Optimization of Silicon-Graphite Anode and Chitosan Binder Material for Lithium-ion Batteries


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One of the promising approaches towards designing high energy density lithium-ion batteries (LIBs) involves the use of high-capacity anode materials. A blend of silicon (Si), with a high lithiation capacity of 3590 mAh/g (Li3.75Si) at room temperature , and graphite (Gr), endowed with limited volume change during the charge/discharge process and superior electric conductivity, presents the synergistic properties of both anode materials [1]. However, the development requires the optimization of the Si to Gr ratio as well as the polymeric binder(s). In this study, the optimization and investigation of the Si to Gr ratio and the corresponding binders were carried out. For benchmarking, carboxymethyl cellulose (CMC) and lithium poly-acrylic acid (LiPAA) were used as suitable binders for Gr and Si, respectively[2]. Further investigation of the chitosan bio-polymeric binder was carried out. Chitosan is a linear polysaccharide derived from chitin, the second abundant polysaccharide on earth after cellulose. Amino groups of chitosan can form hydrogen bonds with the Si surface hydroxyl groups, leading to solid but reversible adhesions[3], [4].
In this work, chitosan with degrees of acetylation (DA) of 0, 30 and, 50 were investigated as Si-based anode binders. Firstly, slurry preparation and optimization was studied concerning the benchmarked Si/Gr blend electrodes[1]. The electrochemical performance of the anodes was investigated in half- and full-cell configurations. In both cases, anodes with DA50 binder showed higher specific capacity, longer cycle life, and higher capacity recovery after cycling at high C-rates (5C). Therefore, DA50 was chosen as an optimized binder, and further modifications, such as cross-linking of the binder and production of free-standing electrodes were performed on DA50 binder. FTIR measurements indicate that cross-linking with citric acid was successfully completed. Additional TGA/DSC measurements showed that cross-linking improved the thermal behavior of the chitosan binder. In the following steps, the electrodes were deposited on a separator (free-standing electrodes), resulting in eliminating the Cu current collector’s usage, reducing the electrode’s weight, and producing flexible electrodes. The electrochemical performance of these electrodes showed stable behavior. Further optimization of the electrodes coated on the separator and electrochemical performance of electrodes with cross-linked chitosan binder are currently under investigation.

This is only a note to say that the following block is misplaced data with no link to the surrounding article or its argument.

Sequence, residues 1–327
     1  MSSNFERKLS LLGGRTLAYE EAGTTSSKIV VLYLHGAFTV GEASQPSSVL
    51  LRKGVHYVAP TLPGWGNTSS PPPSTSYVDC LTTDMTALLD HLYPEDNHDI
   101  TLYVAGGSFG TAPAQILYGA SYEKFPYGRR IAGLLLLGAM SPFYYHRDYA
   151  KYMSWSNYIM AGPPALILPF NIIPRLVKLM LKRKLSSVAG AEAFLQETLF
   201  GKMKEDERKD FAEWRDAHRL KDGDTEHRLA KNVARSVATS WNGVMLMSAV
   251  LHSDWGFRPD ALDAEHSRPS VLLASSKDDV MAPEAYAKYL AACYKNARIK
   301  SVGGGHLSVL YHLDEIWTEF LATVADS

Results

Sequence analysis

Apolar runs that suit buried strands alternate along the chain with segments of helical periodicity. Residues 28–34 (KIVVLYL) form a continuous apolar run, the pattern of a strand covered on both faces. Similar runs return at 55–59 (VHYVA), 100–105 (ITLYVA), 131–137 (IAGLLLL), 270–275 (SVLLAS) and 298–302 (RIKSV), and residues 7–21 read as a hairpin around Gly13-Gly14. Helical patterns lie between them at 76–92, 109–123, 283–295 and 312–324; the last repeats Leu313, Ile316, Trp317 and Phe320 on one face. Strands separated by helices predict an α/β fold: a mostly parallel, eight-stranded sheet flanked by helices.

[1] G. G. Eshetu and E. Figgemeier, “Confronting the Challenges of Next‐Generation Silicon Anode ‐Based Lithium‐Ion Batteries: Role of Designer Electrolyte Additives and Polymeric Binders,” ChemSusChem.
[2] N. Hamzelui, G. Gebresilassie, and E. Figgemeier, “Customizing Active Materials and Polymeric Binders : Stern Requirements to Realize Silicon-Graphite Anode Based Lithium-Ion Batteries .,” J. Energy Storage, vol. 35, no. July 2020, p. 102098, 2021.
[3] L. Zhang, L. Chai, Q. Qu, L. Zhang, M. Shen, and H. Zheng, “Chitosan, a new and environmental benign electrode binder for use with graphite anode in lithium-ion batteries,” Electrochim. Acta, vol. 105, pp. 378–383, 2013.
[4] L. Yue, L. Zhang, and H. Zhong, “Carboxymethyl chitosan: A new water soluble binder for Si anode of Li-ion batteries,” J. Power Sources, vol. 247, pp. 327–331, 2014.

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